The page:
Diane Keaton is in a white skirt suit, which plays off the white tea roses, lilies of the valley and jumbo tulips swaying from each of the tables. That her character’s name is Annie can’t be lost on anyone. Nor is the fact that her image and her character--like the others'--are pretty much identical.

“Oh, do you think?” she asks, smiling brightly. “Somehow I don’t see Goldie as an actress with grandiose notions of herself. I do see Bette playing her part and me playing my part. Goldie has done it before, I guess, in that Meryl Streep movie [“Death Becomes Her”]. Oh, and in ‘Overboard’ she was kinda bratty--well, maybe you’re right . . . maybe I’m wrong about this.”

And the age thing? (Keaton is 50.) “Oh, no, I think the thing with my character is much more about trying to be optimistic and being hurt by your husband. I think she’s just totally devastated by the fact that her husband’s left her and she’s going to ‘find her way.’ She has all these self-help notions.

“Actually, for me the thing that’s interesting and what I’d like to do sometime soon is the physical comedy stuff. I get to fall down here, and I’d like nothing better than to do a Three Stooges kind of part, y’know, where I’m the one to get hit and I fall down, because it’s the most fun I’ve ever had doing comedy. . . . That kind of part would be a great kind of comedy role for me. There’s a little bit of it here and I love it.”

Back on the dance floor, Philip Bosco, one of the great actors of the New York stage, is asking Maggie Smith to dance. Smith looks pained. But it’s only because she has an abscessed tooth and is awaiting antibiotics. They rise, do their scene; their timing is flawless. “Cut! Print!”

Bosco makes few films, largely because of what he says is panic disorder: He can’t fly. Consequently, he ordinarily makes films only in New York.

Dan Hedaya has no such problem. Constantly working and always in demand--his last three released films were “Nixon” (the Bebe Rebozo role), “Clueless” (the father) and “To Die For” (the father-in-law)--Hedaya is once again playing the husband-as-schlemiel (he was Carla’s husband on “Cheers,” lest we forget).

“I don’t know if I bring any unsympathetic-husband qualities to the picture,” he said. “If I do it’s certainly not from any experience of my own, ‘cause I’ve never been married. But yeah, it’s a feminist movie, a women’s rights movie. It’s a protest against very unjust behavior on the part of a lot of husbands who don’t fulfill their duties. It’s serious issues done in a funny way.”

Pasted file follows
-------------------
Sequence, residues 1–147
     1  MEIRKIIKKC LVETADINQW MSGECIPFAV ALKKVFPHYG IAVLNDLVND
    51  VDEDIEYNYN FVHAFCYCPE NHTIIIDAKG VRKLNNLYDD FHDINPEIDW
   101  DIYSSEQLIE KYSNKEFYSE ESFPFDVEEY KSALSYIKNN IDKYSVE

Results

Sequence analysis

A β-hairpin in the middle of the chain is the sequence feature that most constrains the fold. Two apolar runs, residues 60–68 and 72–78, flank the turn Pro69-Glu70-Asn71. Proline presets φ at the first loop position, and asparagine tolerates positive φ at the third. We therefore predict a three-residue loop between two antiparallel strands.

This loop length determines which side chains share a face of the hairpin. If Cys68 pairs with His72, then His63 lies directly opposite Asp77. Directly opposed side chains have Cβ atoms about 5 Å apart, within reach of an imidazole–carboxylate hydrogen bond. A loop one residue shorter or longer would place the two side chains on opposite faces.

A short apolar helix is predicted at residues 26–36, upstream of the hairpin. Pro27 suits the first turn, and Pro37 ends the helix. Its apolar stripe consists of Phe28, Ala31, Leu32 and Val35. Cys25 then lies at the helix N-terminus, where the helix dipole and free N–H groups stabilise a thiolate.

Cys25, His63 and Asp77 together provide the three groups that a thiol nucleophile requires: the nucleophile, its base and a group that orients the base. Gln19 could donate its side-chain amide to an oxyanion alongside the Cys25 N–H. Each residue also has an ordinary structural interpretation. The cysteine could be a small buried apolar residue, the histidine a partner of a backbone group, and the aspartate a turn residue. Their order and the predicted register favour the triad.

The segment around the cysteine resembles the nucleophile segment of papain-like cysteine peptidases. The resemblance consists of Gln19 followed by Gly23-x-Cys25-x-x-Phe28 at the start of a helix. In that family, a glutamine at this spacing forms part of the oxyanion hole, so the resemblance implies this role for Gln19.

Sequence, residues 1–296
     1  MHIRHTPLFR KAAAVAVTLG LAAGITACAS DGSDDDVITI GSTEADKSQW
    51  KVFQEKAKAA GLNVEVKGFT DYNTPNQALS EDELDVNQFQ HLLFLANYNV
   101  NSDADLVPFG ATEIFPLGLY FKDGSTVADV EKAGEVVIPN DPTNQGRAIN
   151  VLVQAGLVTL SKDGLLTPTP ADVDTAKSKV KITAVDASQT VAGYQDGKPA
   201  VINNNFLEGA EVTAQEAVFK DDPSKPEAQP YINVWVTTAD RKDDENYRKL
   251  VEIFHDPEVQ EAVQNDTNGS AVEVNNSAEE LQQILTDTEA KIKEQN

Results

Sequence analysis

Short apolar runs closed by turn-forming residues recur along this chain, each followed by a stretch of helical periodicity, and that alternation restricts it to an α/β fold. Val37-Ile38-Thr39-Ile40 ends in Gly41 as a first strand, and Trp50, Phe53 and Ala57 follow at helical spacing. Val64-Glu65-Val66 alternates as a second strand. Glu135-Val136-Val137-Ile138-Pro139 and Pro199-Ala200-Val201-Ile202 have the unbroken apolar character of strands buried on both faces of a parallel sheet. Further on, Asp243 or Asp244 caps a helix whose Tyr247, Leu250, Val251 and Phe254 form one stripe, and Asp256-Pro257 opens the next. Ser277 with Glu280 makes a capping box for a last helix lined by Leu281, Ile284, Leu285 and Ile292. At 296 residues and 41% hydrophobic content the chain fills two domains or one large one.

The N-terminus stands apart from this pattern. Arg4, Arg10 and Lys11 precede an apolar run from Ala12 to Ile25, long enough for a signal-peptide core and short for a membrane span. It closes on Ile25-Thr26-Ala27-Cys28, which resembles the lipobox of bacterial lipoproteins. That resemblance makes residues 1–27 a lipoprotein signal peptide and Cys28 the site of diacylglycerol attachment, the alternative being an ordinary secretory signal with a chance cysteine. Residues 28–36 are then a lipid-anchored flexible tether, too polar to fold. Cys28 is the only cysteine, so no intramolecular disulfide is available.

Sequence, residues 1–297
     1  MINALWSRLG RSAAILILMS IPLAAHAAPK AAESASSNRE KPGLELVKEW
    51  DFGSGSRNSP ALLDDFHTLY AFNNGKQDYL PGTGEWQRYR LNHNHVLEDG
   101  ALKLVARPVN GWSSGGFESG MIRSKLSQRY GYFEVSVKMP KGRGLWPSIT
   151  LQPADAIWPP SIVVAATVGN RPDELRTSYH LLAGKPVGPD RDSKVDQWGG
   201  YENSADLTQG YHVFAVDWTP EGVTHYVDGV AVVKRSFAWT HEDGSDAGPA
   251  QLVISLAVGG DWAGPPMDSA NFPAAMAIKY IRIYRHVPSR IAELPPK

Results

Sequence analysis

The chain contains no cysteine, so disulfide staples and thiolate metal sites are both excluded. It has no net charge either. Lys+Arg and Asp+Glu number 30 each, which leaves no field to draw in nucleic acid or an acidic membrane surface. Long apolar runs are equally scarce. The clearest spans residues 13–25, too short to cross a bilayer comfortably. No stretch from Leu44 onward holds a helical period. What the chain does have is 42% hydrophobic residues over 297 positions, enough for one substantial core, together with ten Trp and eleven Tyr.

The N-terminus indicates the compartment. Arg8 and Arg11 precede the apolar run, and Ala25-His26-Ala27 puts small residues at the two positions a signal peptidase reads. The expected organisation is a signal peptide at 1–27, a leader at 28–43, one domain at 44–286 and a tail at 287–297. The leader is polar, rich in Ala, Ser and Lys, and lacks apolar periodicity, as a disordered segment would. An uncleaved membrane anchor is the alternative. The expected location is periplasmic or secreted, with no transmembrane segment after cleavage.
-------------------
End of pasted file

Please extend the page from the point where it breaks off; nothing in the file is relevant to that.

On this project, Hedaya--and Bosco, and Keaton, and many of the others involved--have reunited with Scott Rudin, the ursa major of independent producers. “I always feel if somebody does a smaller part in one movie, I look to take care of them on the next movie,” Rudin says. “I happen to like people who can play this high-comedy style. This is a very stylized kind of film, the sort that requires stage actors more than movie actors in a way. It requires this kind of Tiffany supporting cast to make it work.”

At the moment Gloria Steinem, looking very chic, is sitting by the fake bar by the fake pictures of “suffragists” and awaiting her scene. Why is she here?

“Someone called my office,” she says, smiling. “But it was especially because of Bette Midler. I’ve interviewed her a few times over the years; we did a couple of covers on her in Ms. magazine. And she sang at my 50th birthday party. I admire her very much. And they told me that Bella [Abzug] was doing it. And the setting makes sense, the fact that it’s a benefit for a women’s shelter. What’s good about this--the movie--is that it’s not just about getting revenge on husbands, but doing something positive for other women.”

Steinem’s scene is a small one, involving an encounter between her and Brenda’s designer friend, Duarto (Bronson Pinchot).

“He says, ‘Isn’t it great that all these women are getting their lives together?’ and I say yes, and then he says, ‘Are you dating?’ and I say, ‘Got anybody in mind?’

“Now,” Steinem says, taking a breath, “I have given them a substitute, because as it is the scene will only depress women--as if I, at age 61, am wandering around looking for a date. Give me a break. And also, it plays into the idea that feminists don’t get along with men.

“So I’ve given them alternatives. In one, I say, ‘Men are much nicer now. We were their mothers.’ Y’know? I thought that was funny. Or he says, ‘I’ve always wondered if you were a lesbian.’ And I say, ‘Are you my alternative?’ ”